Portishead star Geoff Barrow has accused rock duo Phantogram of sampling a drum beat he created without permission. The drummer features on a track by Jimi Entley Sound called Charlie's Theme and he claims Phantogram have used the beat on their song When I'm Small.
Barrow addressed the similarities by sending a message to the duo on Twitter.com, writing, "Just wondering why I'm playing the drums on one of your tracks? Any thoughts?" and they replied days later adding, "Sorry for slow reply. We're both big fans of yr work (sic)... Short version: our drums not taken from Entley record."
The British musician responded, "So you are saying that they are NOT my drums and my playing on your 'When I'm Small' they are yours? Correct?"
Last year (13), Barrow accused R&B singer The Weeknd of sampling Portishead's 2008 song Machine Gun without permission.
The leader of British group Portishead has attempted to shame singer/songwriter the Weeknd in their ongoing row over a sample by posting the producer's request letter on Twitter.com. Glory Box hitmaker Geoff Barrow maintains the R&B star improperly used a sample of his group's 2008 single Machine Gun on his 2013 single Belong to the World.
The Weeknd argued he did not use a sample and that the music in the song was not similar enough to Machine Gun to warrant infringement.
But now Barrow has stepped up his claim by posting a letter from a representative for the Weeknd, dated February, 2013, in which a rights sample is requested.
Barrow writes, "I think it's a load of bollox (sic). When someone asks to sample you and you refuse, they should have the respect as a fellow artist to not use it.
"We usually give sample clearance to tunes we like. It's got f**k all to do with money...! I just want my beat back."
Posting the letter from the Weeknd's rep, Barrow adds, "Hey kids, part one of 'No infringement.'" He then posted the Weeknd's Twitter user name.
Portishead and Interpol have been confirmed as the headliners for the upcoming ATP Iceland 2014 festival. The two acts will hit the stage with local acts at the former North Atlantic Treaty Organization (NATO) base in Keflavík in July (14).
The annual ATP festival launched in Iceland last year (13).
Portishead have a long history with the All Tomorrow's Parties organisers - the influential British band curated an early ATP in 2007.
Portishead star Beth Gibbons has given a giant puppet polar bear a "glacial roar" ahead of a Greenpeace protest, which will take place in London later this month (Sep13). The singer's roar will be added to the sound of ice cracking and Arctic wildlife, which will be pumped out of a sound system placed in the bear's head.
WikiLeaks founder Julian Assange is to judge several top independent movies as part of the jury for a London film festival. The on-the-run whistleblower will have DVDs of films vying for the awards at this year's (13) Radiance Film Festival delivered to him at Ecuador's embassy in London, where he is currently in hiding.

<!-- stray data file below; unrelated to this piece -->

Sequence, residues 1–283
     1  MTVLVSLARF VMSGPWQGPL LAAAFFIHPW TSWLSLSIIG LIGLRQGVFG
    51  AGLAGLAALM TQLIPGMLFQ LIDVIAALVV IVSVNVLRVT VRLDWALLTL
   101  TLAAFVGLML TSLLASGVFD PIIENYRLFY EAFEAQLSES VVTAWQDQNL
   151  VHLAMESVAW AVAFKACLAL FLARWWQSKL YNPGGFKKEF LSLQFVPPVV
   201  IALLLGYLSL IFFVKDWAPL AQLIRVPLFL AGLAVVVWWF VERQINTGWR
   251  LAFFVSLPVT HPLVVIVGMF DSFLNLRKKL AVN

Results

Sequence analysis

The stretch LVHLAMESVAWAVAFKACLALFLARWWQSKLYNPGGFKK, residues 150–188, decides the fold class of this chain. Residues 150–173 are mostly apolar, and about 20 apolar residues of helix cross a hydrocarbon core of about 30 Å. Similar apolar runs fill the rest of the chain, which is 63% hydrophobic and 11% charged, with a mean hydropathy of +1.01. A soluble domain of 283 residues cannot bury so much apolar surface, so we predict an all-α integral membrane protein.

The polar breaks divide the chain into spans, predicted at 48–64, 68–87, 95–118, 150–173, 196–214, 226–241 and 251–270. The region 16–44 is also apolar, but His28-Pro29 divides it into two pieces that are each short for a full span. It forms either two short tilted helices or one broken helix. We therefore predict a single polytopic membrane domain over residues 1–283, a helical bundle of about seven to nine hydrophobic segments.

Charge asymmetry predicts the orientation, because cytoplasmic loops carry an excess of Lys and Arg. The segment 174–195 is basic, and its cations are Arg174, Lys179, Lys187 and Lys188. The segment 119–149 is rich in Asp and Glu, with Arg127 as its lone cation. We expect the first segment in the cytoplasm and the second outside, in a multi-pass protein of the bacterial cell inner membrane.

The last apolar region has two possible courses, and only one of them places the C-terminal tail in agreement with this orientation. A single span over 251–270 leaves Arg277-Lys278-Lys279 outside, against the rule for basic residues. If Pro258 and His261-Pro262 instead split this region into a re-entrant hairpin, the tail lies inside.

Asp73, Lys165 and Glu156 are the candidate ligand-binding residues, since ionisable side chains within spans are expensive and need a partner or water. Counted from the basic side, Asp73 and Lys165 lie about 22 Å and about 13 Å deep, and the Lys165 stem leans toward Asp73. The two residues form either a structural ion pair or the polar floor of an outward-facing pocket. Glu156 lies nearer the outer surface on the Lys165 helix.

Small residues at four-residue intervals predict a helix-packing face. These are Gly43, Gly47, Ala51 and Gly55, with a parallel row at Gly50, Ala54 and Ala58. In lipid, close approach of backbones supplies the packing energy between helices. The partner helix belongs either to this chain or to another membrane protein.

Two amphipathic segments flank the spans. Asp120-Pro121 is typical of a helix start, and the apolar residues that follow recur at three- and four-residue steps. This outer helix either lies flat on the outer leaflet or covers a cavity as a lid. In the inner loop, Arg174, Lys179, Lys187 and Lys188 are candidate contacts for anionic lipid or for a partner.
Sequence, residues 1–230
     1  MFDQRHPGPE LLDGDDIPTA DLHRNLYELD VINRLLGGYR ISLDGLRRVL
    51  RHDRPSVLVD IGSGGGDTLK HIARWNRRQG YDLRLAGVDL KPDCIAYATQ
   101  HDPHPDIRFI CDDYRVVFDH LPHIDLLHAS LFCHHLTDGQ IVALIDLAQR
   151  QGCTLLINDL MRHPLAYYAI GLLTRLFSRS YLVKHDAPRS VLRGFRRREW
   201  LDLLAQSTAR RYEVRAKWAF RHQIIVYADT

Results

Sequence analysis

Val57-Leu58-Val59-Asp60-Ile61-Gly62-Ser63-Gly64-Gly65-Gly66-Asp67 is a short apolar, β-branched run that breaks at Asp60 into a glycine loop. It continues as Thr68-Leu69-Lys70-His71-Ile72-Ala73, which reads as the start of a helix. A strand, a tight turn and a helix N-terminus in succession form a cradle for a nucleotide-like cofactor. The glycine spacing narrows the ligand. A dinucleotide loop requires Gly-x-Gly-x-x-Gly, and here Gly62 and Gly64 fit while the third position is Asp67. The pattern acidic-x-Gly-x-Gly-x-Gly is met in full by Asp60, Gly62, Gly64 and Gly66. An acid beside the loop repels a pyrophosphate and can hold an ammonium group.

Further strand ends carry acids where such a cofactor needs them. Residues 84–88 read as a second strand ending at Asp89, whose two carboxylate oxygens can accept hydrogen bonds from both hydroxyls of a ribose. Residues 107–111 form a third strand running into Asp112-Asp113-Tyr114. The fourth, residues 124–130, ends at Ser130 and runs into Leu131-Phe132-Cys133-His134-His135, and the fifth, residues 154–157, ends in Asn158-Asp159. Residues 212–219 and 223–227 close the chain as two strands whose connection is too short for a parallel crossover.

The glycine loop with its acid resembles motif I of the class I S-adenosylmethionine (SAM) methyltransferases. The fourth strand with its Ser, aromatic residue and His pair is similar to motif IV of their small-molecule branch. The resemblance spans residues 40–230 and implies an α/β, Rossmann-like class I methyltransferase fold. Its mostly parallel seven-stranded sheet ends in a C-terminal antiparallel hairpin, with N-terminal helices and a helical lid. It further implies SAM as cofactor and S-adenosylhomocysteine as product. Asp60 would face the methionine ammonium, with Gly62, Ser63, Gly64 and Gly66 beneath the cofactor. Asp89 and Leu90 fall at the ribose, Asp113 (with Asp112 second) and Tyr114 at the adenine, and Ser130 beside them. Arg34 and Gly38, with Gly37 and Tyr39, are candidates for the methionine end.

Radiance founder Elliot Grove tells the BBC, "We choose our jurors because they are interesting people... I think five or 10 years from now, if you are studying anything to do with social media, the WikiLeaks story will be a test case of how to manage that... Julian, like many of the film makers and judges, will be unable to attend... Fortunately he has a residence not far from where we are sitting to which we will drop off the DVDs."
Other judges at the festival, which takes place from 25 September to 06 October (13), include British actor Jason Flemyng, Portishead singer Beth Gibbons, and author Robert Rankin.
Assange took refuge in the Ecuadorean embassy after his appeal against extradition to Sweden for questioning on accusations of sex crimes was rejected. He is wanted in the U.S. for publishing thousands of top secret military documents on his website.
R&B star The Weeknd has reportedly denied illegally sampling Portishead's song Machine Gun on his new single after bandmember Geoff Barrow publicly complained about the issue online. The British musician claims he had denied The Weeknd's request to feature parts of the group's 2008 release on Belong to the World, but it seemed the Canadian star had ignored his wishes when he debuted his latest tune on the Internet on Monday (15Jul13).
Taking to Twitter.com, Barrow ranted, "When someone asks to sample you and you refuse they should have the respect as a fellow artist to not use it."
The Weeknd, real name Abel Tesfaye, has yet to speak out about the song complaint, but it appears he has been in touch with Barrow to dispute the copyright allegations.
Returning to his Twitter page on Wednesday (17Jul13), Barrow writes, "Seems The Weeknd have (sic) said there is no sample used or enough likeness to Machine Gun to warrant any infringement....or credit."
Ironically, The Weeknd recently admitted he had drawn on Portishead's work for Belong to the World and the rest of his upcoming album, Kiss Land, telling Complex magazine, "I wrote a letter to the producers of Portishead and let them know this album is inspired by them."
Portishead star Geoff Barrow has accused R&B singer The Weeknd of sampling the group's 2008 track Machine Gun without permission. Barrow allegedly denied The Weeknd's request to feature a portion of the band's song on his new track, Belong to the World, and he was outraged to learn the 23 year old, real name Abel Tesfaye, deliberately ignored his wishes.
The single premiered on Twitter.com on Monday (15Jul13) and in a post to Tesfaye, Barrow writes, "When someone asks to sample you and you refuse they should have the respect as a fellow artist to not use it."
Barrow also used the opportunity to deny rumours his decision was based on money, adding, "We usually give sample clearance to tunes we like. its (sic) got f**k all to do with money! As most of them are hiphop artist (sic) that are skint (broke). Feels like I'm being used to promote the track now. I'll shut up."